CAIRO — An Egyptian court on Tuesday convicted three Islamists of killing a student this summer as he sat in a quiet park with his fiancée, sentencing them to 15 years in prison in a case that sparked fears of vigilantes trying to enforce strict religious mores.
The state-owned Middle East News Agency said the verdict was read out in a heavily-guarded courtroom in the Red Sea city of Suez, where 20-year-old Ahmed Hussein Eid was killed in June. According to security officials at the time, the three men argued with Eid for loitering in the park with a woman who was not his wife. One fatally stabbed him.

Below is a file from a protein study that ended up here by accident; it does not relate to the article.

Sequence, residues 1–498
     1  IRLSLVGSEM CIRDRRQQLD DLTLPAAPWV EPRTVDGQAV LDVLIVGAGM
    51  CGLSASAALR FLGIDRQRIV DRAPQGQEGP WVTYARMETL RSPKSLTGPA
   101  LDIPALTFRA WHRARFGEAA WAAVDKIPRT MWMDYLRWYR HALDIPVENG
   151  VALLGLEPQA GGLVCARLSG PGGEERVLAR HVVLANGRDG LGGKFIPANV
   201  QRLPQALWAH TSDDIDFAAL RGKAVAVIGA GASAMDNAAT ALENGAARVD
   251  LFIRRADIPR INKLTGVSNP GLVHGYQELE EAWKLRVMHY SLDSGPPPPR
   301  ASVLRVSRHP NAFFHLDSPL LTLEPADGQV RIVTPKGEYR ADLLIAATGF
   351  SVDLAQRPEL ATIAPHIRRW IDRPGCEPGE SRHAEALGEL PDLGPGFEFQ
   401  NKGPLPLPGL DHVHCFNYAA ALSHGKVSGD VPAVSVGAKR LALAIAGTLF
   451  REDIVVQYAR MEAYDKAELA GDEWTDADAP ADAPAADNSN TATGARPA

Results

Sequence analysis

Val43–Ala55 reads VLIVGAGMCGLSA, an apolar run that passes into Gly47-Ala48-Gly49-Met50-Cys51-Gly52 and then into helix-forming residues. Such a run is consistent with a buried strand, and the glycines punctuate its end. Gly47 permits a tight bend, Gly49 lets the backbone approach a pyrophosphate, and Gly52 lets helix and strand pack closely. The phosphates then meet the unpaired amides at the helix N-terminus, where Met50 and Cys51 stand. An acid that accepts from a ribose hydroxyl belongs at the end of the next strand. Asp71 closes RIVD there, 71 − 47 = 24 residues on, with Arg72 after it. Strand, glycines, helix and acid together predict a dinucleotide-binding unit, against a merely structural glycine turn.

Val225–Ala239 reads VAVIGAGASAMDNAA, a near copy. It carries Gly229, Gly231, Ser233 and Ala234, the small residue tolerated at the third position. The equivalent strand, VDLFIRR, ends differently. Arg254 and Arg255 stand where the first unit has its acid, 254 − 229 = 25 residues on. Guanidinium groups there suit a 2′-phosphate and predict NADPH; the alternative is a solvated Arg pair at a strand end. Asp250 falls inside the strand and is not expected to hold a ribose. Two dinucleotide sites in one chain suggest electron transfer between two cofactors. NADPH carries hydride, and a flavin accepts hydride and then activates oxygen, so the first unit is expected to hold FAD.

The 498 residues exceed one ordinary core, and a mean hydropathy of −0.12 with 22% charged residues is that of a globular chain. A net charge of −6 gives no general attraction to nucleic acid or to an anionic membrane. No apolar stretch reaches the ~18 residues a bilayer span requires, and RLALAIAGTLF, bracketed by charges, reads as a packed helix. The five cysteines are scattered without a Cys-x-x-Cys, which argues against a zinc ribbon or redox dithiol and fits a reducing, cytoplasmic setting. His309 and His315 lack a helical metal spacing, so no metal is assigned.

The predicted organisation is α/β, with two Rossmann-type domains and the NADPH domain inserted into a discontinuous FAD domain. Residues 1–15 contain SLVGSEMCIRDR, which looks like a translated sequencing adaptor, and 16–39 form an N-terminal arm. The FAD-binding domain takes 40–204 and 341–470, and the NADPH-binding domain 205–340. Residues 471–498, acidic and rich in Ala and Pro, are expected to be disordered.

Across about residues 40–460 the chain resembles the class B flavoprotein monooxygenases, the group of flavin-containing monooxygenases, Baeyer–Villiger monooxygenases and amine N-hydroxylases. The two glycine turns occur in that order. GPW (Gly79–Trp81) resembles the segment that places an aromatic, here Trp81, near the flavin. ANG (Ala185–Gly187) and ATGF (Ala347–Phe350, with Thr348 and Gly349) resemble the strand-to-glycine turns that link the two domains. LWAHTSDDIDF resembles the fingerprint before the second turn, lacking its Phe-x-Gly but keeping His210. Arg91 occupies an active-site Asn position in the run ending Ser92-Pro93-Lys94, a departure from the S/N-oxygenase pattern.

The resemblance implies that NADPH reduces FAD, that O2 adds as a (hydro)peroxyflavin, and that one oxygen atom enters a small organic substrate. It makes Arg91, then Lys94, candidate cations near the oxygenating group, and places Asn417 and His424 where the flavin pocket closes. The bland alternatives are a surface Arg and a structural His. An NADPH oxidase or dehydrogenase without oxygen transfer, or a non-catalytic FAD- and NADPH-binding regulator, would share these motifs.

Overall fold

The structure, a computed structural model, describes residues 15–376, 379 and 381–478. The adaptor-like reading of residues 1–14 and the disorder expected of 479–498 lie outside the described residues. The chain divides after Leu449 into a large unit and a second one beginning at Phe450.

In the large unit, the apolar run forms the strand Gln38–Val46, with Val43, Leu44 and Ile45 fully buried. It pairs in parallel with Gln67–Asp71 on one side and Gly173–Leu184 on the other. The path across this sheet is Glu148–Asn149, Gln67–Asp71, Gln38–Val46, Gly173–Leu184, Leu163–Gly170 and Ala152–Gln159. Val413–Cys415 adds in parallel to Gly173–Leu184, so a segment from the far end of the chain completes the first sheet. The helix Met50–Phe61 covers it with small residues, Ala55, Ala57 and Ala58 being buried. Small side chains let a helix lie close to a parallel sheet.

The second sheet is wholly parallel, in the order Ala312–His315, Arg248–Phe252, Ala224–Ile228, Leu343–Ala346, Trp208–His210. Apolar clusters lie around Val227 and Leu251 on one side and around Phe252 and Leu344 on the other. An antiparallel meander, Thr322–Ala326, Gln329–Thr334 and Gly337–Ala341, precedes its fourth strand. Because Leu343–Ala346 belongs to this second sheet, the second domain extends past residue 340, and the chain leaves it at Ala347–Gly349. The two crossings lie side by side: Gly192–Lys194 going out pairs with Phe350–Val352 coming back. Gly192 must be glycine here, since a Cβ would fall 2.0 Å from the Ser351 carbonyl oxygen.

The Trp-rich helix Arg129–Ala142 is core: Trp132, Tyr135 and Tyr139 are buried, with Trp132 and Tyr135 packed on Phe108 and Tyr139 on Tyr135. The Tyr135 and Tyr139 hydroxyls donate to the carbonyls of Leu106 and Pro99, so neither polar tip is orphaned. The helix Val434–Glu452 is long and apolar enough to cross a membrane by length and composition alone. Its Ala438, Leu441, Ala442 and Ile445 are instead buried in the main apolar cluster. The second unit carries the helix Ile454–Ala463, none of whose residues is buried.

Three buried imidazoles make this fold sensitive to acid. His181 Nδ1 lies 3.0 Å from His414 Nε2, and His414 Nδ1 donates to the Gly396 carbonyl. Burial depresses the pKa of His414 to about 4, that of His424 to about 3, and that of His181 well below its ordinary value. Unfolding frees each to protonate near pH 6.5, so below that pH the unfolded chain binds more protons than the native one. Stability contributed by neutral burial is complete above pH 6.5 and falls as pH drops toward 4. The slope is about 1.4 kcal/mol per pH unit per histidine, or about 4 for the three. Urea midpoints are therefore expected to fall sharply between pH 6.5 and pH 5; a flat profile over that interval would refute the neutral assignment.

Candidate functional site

The aftermath of the 2011 overthrow of Hosni Mubarak in a popular uprising has seen a rise in the political power of ultraconservative Islamist groups, which won nearly 25 percent of the seats in elections for parliament over the winter. This, combined with a reduced police presence in many areas after the uprising, has raised concerns that self-appointed morality vigilantes will start flexing their muscles on the street.
Security officials said there was no concrete evidence linking the June 25 killing to any organized group, however. There have been reports of ultraconservatives trying to enforce male-female segregation in public transportation, but deaths linked to vigilantes remain rare.
The prosecution during the trial accused the three men of planning a premeditated attack on whomever who did not obey their orders, according to MENA. The three denied forming an organized group.